It's August and if the last push for beach reads is any indication — with such weighty lifters as Thomas Pynchon and Richard Russo kicking sand — 98-pound paperback writers don't stand a chance.
by Thomas Pynchon
Thomas Pynchon once said that maybe his fiction is “not the world, but with a minor adjustment or two it's what the world might be." The late sixties psychedelic noir of Inherent Vice is definitely a portrayal of a life off-kilter, rambunctious if convoluted fun but tinged with trademark oppressive paranoia and kaleidoscopic pop culture allusions – from Gummo Marx to Mike Curb. Throwing off some gravitas to chase a few rainbows, subplots and whatnots abound as the affable hippie-ish P.I. Doc Sportello, resourceful throwback to the “great old PIs – Philip Marlowe, Sam Spade, the shamus of shamuses,” takes a case involving his old girlfriend Shasta, missing amidst the world of Mickey Wolfmann, a rich and married "real estate big shot” whose wife and lover want him institutionalized, though there are conspiracies galore in the course of getting to the people behind the people behind the scenes. So while Doc is wrestling with his feelings for Shasta he is lured into schemes with an ensemble of characters and entities that include his archenemy, a vindictive cop named Bigfoot Bjornsen; a surf band sax player and spy; and a mystical schooner called the Golden Fang which may also be a heroin cartel, an enterprise of "vertical integration," an international conspiracy, or a tax dodge set up by some dentists. Doc also confronts wildly entertaining dopers (“Watch your head” …”How ‘m I spoze to do that, man?”), counterfeiters, rockers, surfers, hustlers, and — in a persona ostensibly out to make Doc “overthink myself into brainfreeze” — an ex-con with a swastika tattoo and a soft spot for Ethel Merman.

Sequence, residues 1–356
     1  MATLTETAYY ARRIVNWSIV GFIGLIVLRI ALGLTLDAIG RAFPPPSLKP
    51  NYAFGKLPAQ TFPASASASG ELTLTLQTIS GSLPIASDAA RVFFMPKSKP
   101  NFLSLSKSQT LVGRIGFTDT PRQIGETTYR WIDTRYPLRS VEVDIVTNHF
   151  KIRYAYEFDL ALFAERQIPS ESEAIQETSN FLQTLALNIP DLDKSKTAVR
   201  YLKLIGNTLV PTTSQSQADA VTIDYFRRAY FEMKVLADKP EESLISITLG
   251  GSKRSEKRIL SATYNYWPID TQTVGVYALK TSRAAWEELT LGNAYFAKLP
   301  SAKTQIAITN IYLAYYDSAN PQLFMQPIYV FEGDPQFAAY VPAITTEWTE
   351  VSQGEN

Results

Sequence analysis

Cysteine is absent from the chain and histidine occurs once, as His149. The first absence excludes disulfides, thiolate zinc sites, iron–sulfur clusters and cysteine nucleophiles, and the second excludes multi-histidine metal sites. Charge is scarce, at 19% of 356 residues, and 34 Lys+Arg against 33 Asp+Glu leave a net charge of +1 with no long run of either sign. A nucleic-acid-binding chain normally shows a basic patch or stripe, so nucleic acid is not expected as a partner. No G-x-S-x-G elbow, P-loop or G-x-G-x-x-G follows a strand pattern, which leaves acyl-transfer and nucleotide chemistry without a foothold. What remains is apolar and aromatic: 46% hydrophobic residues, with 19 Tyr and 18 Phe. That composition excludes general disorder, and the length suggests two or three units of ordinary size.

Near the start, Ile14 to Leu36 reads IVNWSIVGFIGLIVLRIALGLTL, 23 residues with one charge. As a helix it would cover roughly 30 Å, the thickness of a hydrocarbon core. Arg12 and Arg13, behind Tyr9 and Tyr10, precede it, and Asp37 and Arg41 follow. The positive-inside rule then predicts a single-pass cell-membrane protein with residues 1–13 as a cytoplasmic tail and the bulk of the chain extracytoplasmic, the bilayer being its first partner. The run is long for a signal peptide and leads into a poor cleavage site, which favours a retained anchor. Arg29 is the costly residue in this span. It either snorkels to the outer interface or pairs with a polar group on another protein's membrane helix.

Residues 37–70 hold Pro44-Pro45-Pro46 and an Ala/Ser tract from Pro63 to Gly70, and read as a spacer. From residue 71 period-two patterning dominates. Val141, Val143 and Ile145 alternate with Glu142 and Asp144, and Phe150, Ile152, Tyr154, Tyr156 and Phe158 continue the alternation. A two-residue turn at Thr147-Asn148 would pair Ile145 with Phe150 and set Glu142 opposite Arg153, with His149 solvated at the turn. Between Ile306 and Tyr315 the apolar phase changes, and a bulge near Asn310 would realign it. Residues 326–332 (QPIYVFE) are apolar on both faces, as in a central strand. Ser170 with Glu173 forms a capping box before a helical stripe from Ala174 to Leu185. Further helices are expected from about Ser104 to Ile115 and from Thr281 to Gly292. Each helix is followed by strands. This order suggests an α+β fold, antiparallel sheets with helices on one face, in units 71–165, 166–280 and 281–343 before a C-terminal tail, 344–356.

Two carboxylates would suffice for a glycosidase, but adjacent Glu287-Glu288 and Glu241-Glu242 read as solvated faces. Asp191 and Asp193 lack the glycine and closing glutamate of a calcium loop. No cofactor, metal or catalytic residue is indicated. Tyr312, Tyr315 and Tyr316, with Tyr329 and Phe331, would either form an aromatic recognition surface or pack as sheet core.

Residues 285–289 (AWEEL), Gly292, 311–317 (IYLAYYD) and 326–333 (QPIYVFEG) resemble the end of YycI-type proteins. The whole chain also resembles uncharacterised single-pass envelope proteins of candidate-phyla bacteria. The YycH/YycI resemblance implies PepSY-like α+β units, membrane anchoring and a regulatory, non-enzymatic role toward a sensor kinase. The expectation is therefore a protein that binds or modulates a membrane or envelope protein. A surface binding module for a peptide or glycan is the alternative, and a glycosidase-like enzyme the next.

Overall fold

Meanwhile, there’s no setting like an L.A. setting, in all its modern glories and inglorious past transformed and well. It’s all over the place, virtually a second character strutting the stuffing out of its sprawl from the Beach Boys’ South Bay to Ojai of the cinematic Lost Horizon, now locale of a “high-rent laughing academy.” But the “post-Mansonoid” paranoia, the shattered dreams of Altamont, the just-say-drugs and wave the freak flags high-high-high-high! – all of it has put naiveté through the wringer, and even by 1969 peace and hope has been translated into something more circumspect. “People in this town saw only what they’d all agreed to see,” Doc muses on a smoggy day in bumper-to-bumper traffic, “they believed what was on the tube or in the morning paper half of them read while they were driving to work on the freeway, and it was all their dream about being wised up, about the truth setting them free.” It’s a pensive bit of slow-lane philosophizing in an otherwise fast-paced and tautly written tale – no mean feat for a book so kitchen-sink-and-all full, and more escapist fare in a Tom Robbins or Carl Hiaasen variety than visionary Pynchon tome.
That Old Cape Magic
by Richard Russo
"Late middle age, he was coming to understand, was a time of life when everything was predictable and yet somehow you failed to see any of it coming." Such introspection, pervasive throughout That Old Cape Magic, marks a work that is largely a departure for Pulitzer Prize-winner Richard Russo’s acclaimed novels that usually take place in dying towns in the Northeast. In this new novels Russo tells the story of a marriage, and of all the other ties that bind, from parents and in-laws to children and the promises of youth – all as they seem to scatter, bound away, and fall apart from Jack Griffin, a New England professor in his 50s who yearns to return to screenwriting in Los Angeles, and who lugs around, first, his father's, then both his parents' urns in the trunk of his convertible, while he juggles other family commitments – his daughter's wedding, a separation from his wife. Indeed, his parents — especially his mother, who calls her son persistently before he starts hearing her from beyond the grave – permeate the narrative like ghosts, and Griffin inherits “the worst attributes of both” confronting his parents and their failed marriage, his own troubled one – and all other familial considerations Griffin can’t seem to let go of and shake off from complete mental and emotional handwringing, a little tragedy committed to page along with the comedy.
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The Philosophical Baby: What Children's Minds Tell Us about Truth, Love, and the Meaning of Life
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The Natural Laws of Good Luck: A Memoir of an Unlikely Marriage
by Ellen Graf